The Ferris State Office of Multicultural Student Services will host its 10th annual Latin@ American Heritage Celebration, taking place over the next couple weeks.
The event, kicked off Monday, Sept. 19, with the Trailblazers Exhibit and ends Wednesday, Nov. 2, with the celebration of the Día de los Muertos.
“The best part about this is the fact that they are actually promoting it and having the celebration. I like that they are taking the time to not only promote it, but to help you understand what it is about and the daily battles we have,” said Ferris Spanish for the professions senior and member of the Hispanic Student Organization, Ben Davis.
“Knowledge is something that is very important for every generation to have. Every person should know things about other races and ethnicities. It helps strengthen the community in general,” Davis said.
As stated by collegedata.com, about five percent of Ferris students are Hispanic or Latino. However, the road to higher education isn’t always an easy one. According to the Pew Research Center, one in three Latinos/Hispanics don’t graduate from high school.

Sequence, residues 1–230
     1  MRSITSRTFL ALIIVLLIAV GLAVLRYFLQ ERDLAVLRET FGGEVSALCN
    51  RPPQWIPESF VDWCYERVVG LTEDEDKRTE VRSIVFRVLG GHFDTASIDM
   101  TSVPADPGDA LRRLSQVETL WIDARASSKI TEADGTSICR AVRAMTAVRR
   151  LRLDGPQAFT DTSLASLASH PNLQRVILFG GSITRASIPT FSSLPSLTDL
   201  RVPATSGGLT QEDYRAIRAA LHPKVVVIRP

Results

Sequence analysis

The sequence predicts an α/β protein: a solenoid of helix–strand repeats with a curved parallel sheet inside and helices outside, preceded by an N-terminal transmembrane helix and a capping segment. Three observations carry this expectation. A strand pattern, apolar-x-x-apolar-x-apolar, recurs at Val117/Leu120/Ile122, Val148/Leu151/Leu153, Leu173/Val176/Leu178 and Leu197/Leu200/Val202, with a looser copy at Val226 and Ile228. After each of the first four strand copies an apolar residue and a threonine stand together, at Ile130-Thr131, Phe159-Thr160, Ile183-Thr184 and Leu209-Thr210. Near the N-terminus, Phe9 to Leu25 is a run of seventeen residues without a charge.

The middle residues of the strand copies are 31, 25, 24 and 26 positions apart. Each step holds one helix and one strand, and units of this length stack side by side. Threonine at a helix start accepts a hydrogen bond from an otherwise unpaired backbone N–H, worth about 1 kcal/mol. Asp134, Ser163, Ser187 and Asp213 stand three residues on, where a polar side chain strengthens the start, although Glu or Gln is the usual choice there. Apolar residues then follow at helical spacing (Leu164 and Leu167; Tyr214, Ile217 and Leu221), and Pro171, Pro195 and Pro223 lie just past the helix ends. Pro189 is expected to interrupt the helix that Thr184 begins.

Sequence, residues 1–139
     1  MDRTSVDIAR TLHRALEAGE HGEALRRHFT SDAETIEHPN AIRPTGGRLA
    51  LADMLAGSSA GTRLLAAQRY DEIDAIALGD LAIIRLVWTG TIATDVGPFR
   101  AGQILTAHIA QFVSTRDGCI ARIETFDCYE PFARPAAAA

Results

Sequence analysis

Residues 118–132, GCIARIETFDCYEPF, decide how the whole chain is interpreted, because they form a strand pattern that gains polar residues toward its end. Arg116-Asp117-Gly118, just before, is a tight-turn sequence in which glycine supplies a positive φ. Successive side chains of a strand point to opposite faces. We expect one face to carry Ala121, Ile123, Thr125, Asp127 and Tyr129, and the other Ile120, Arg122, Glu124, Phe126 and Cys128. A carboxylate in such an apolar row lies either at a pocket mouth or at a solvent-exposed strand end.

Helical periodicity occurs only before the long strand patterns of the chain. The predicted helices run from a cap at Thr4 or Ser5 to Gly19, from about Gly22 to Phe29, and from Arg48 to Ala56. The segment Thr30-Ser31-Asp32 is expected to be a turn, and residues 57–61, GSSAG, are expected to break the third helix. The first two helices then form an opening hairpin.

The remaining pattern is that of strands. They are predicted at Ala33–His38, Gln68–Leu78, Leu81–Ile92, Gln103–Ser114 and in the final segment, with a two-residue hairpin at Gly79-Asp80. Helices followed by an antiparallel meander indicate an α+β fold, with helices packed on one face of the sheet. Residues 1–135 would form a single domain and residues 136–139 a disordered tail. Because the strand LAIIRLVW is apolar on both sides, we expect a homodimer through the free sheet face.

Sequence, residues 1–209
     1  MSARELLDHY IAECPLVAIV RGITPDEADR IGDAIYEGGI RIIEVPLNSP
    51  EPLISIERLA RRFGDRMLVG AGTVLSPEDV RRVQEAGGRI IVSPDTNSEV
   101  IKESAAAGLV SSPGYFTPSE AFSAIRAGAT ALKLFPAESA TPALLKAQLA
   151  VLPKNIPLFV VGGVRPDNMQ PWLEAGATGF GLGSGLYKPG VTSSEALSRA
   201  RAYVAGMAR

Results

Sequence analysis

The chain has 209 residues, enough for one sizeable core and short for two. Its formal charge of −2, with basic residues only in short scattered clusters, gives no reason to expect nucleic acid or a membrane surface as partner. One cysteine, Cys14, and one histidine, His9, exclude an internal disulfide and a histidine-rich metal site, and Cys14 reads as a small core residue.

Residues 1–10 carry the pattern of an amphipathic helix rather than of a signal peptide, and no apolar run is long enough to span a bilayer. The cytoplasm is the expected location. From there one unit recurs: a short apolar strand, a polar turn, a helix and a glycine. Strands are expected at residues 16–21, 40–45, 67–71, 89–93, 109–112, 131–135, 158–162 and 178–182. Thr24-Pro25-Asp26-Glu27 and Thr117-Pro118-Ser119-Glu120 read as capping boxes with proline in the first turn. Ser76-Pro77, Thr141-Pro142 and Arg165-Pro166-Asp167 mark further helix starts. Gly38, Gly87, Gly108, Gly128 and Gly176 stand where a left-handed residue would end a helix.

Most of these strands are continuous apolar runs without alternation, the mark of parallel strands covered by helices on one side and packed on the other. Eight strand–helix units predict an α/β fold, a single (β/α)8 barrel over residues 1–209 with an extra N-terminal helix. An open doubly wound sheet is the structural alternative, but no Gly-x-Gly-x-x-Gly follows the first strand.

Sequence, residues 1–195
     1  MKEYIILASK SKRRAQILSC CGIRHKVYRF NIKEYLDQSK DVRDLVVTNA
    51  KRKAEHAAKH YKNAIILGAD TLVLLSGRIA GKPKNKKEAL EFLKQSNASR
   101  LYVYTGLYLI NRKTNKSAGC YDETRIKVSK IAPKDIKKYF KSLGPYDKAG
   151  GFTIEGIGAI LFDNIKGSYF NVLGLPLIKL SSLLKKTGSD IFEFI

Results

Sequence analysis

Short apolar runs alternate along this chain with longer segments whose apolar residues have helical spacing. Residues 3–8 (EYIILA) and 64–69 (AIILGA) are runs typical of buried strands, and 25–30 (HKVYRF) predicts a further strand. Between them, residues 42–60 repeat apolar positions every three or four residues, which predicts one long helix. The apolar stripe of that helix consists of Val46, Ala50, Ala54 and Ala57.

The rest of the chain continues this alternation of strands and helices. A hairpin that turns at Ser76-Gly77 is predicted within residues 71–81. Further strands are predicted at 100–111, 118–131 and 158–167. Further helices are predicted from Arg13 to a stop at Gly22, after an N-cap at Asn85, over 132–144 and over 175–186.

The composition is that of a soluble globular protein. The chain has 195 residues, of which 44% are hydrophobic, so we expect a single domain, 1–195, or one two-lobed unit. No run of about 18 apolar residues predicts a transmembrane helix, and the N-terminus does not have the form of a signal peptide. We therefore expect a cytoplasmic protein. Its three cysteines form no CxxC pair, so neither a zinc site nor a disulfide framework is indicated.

“I think it is important to know how other people struggle,” Criminal justice junior Anette Espinoza said. “Not every Hispanic goes through those things so it’s better to have an understanding of where people are coming from, how they are struggling and how to make it better for them too.”
Espinoza felt empowered by knowing that people like her were able to go to college and overcome their obstacles.
“My biggest struggle was not having the right models growing up,” Espinoza said. “But knowing that other people were going to college and doing things for themselves…that inspired me. If they are doing it, why can’t I?”
Ferris architecture sophomore and president of the Hispanic Student Organization, Daniel Rivera, encouraged understanding of his platform.
“We need to advocate for the culture and for issues that aren’t advocated for enough, especially in the media. It’s very important to get the word out there and give knowledge to students and to educate others,” Rivera said.
Rivera distinctly remembered what it was like growing up as a Latino American.
“I remember going to a school that was predominantly white. I stood out in the crowd because of where I was from and what I was speaking. It was definitely a struggle. Coming to college was different with all the diversity,” Rivera said.
Rivera also encouraged students to participate in the upcoming Latin@ American Heritage Celebration events.
“Come out and enjoy some culture. It is going to be a good time for exploration and a way to gain cultural knowledge.”